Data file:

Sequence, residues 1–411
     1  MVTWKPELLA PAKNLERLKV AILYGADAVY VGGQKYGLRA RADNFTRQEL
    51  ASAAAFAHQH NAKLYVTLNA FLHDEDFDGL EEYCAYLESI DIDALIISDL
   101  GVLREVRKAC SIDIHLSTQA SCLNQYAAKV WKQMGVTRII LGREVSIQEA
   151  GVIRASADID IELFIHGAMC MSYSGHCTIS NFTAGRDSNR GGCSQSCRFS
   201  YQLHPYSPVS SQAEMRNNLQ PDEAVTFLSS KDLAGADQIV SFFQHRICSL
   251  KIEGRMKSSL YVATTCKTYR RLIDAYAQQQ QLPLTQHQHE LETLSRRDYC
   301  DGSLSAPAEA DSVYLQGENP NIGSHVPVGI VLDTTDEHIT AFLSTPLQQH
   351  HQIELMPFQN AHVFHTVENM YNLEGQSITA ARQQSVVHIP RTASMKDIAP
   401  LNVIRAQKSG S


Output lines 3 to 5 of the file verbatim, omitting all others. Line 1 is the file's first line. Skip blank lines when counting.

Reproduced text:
    51  ASAAAFAHQH NAKLYVTLNA FLHDEDFDGL EEYCAYLESI DIDALIISDL
   101  GVLREVRKAC SIDIHLSTQA SCLNQYAAKV WKQMGVTRII LGREVSIQEA
   151  GVIRASADID IELFIHGAMC MSYSGHCTIS NFTAGRDSNR GGCSQSCRFS